Why Above & Beyond’s dance parties are for the grown-ups

The unusual British trio has found its fans in the worldwide public.


At 2 am on a beautiful Saturday night Amsterdam’s Ziggo Dome becomes home for an Anglo-Finnish trio Above & Beyond. They perform with a DJ set for a crazily dancing and jumping crowd of 12,000 people. According to Twitter worldwide trending, they are in the centre of the world, which is announced by Tony McGuinness who takes the mike.

You may ask: “Can the modern audience really be so crazy about a band of middle-aged men that aren’t famous to those who don’t dance in clubs?” Their electronic music sounds like in the 1990s. You bet they can — the event goes on to generate 120,000 tweets, which apparently is par for the course at Above & Beyond’s big shows. “The first year it happened we were all incredibly excited,” McGuinness says. “Last year we went, ‘Well, that always happens.’ ”

You can understand why they’re blasé. Since forming in London in 2000 they have become one of the most enduring successes of the electronic dance music (EDM) era; their weekly online radio show,Group Therapy, has 21 million listeners and in 2014 they became the first British electronic act to sell out Madison Square Garden in New York. Their fanbase is truly international; at the Ziggo Dome are people from more than 70 countries, including Iraq, Sudan and American Samoa. “I don’t even know where American Samoa is,” McGuinness says with a smile.

From left: Above & Beyond’s Jono Grant, Tony McGuinness and Paavo SiljamäkiAMELIA TOUBRIDGE

How did they become a global phenomenon? It’s partly because beat-driven music translates easily across cultures, and has exploded in popularity across the Americas and Asia. It’s also because they’ve used their business and technological savvy — McGuinness is a former marketing director at Warner Music; his bandmates, Jono Grant and Paavo Siljamäki, are self-confessed tech nerds whom he met when he commissioned them to do a remix — to bypass the majors and release music via their own label, communicate online with their fans and help their fans to communicate with each other. “When people have those conversations online and then meet each other at the events, then it becomes real,” Siljamäki says. “They become part of a family.”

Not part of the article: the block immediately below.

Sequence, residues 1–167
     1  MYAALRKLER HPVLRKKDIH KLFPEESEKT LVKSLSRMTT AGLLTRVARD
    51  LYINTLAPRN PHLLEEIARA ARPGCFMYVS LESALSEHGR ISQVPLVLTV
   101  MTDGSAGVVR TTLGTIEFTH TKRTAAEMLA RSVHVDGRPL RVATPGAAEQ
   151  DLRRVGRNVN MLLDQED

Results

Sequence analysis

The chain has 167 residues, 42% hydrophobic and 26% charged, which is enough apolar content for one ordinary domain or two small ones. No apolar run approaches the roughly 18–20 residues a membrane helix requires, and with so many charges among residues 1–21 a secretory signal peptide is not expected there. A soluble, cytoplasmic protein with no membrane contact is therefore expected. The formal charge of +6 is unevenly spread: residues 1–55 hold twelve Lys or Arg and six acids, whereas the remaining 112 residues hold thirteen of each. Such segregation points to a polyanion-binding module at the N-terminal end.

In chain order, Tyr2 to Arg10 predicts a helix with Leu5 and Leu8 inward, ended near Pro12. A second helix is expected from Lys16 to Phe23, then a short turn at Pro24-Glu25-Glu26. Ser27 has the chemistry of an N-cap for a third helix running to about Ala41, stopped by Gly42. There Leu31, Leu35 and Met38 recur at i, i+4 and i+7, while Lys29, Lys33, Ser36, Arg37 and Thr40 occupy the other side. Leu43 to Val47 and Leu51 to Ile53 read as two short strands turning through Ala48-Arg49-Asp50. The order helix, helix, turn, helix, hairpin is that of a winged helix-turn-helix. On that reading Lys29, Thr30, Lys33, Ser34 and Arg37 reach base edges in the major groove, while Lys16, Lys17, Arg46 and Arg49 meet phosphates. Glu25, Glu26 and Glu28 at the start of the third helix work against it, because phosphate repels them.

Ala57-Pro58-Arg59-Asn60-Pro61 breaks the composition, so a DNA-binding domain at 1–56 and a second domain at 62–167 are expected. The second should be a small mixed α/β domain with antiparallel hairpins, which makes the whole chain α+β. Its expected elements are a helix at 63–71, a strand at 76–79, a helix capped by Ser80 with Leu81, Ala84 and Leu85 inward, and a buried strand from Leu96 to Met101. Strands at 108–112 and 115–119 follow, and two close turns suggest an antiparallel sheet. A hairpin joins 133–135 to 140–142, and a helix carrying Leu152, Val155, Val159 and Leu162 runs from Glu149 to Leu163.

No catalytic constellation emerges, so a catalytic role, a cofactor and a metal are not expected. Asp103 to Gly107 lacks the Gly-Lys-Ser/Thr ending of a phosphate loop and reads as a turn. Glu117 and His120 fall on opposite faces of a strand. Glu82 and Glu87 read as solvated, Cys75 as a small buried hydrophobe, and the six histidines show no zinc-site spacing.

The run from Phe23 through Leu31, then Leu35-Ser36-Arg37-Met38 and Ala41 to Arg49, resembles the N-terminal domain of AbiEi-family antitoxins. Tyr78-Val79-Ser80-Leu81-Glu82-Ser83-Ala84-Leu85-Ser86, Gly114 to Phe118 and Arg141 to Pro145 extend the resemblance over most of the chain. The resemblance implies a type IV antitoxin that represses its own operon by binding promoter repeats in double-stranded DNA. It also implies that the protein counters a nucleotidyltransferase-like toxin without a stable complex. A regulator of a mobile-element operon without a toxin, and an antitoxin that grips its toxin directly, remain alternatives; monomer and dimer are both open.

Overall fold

Backstage, it feels more like a Silicon Valley start-up than a gig, with an army of hipsters tending the group’s social-media feeds, a barista making macchiatos, and audio and video teams broadcasting the event live online (it has since been watched by more than half a million people). Tweets from some of the 150,000 YouTube viewers flash up on a screen above the crowd. “This is so freakin amazin,” says Rune, from Norway. “Can this dream continue forever?” asks Varun, from India. “I need more bass,” says Oskar, from Pasadena in California.

The inclusiveness extends to age as well as nationality. While there are lots of saucer-eyed club kids here, there are also plenty of people in their forties and fifties. The show starts at 8pm, earlier than many EDM events, “so it’s not just a load of people on drugs”, says Grant. “We get a lot of what our lighting director calls the ‘one last rave’ people” — ie middle-aged fans out for a nostalgic last hoorah.

One reason for Above & Beyond’s broader appeal is that they make “dance music for the week” — tracks that aren’t just about larging it at the weekend, but also about the less euphoric stuff that happens in between. “A lot of dance music is about the party; shake yer booty, put your hands in the air,” McGuinness says, but the success of songs such as their melancholic break-up anthem Sun & Moon has taught them that “dark moments can work in club music. It’s been a great revelation.”

Backstage it feels more like a Silicon Valley start-up than a gig

In 2013 they took their grown-up ethos a step farther by performing acoustic versions of their songs with a band, going on to play sold-out shows this year at Sydney Opera House, the Royal Albert Hall and the Hollywood Bowl. That approach has something in common with Pete Tong’s Ibiza Prom and Cream’s orchestral concerts of club classics, but McGuinness insists they aren’t about to retire from DJing. “We just really wanted to play live and do something different. I can remember MTV Unplugged, I went to the recording of Eric Clapton when he did it. [I thought] what if we did the same thing?”

While their acoustic shows were lavish and tasteful, they still weren’t enough to win over the popular press. Nor will Above & Beyond be flavour of the month in the style mags. “The fact that we’ve never been fashionable is why we’ve never had press,” McGuinness says. Grant makes the comparison to heavy metal, another scene that is largely ignored by mainstream media, but encourages zealous devotion among millions of fans.

At the Ziggo Dome I see scores of A&B tattoos, including one that features the entire chorus to Sun & Moon, and at the after party the next day I meet a Saudi Arabian woman who follows the group around the world, and Rahul and Priyanka, Indian newlyweds who have brought their wedding card from Mumbai to be signed by them. “They mean everything to us,” Rahul says. “They’re family.” With fans like these, who needs critics?

Above & Beyond play O2 Academy, Glasgow, November 24; Warehouse Project, Manchester, November 25; Ulster Hall, Belfast, November 26